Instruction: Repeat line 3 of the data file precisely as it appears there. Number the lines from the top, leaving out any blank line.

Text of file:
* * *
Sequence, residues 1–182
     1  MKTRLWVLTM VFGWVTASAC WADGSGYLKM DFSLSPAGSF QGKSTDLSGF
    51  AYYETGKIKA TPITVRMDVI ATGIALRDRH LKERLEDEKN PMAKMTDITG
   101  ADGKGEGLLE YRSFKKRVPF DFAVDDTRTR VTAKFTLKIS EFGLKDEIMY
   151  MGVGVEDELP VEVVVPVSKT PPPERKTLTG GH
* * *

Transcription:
    51  AYYETGKIKA TPITVRMDVI ATGIALRDRH LKERLEDEKN PMAKMTDITG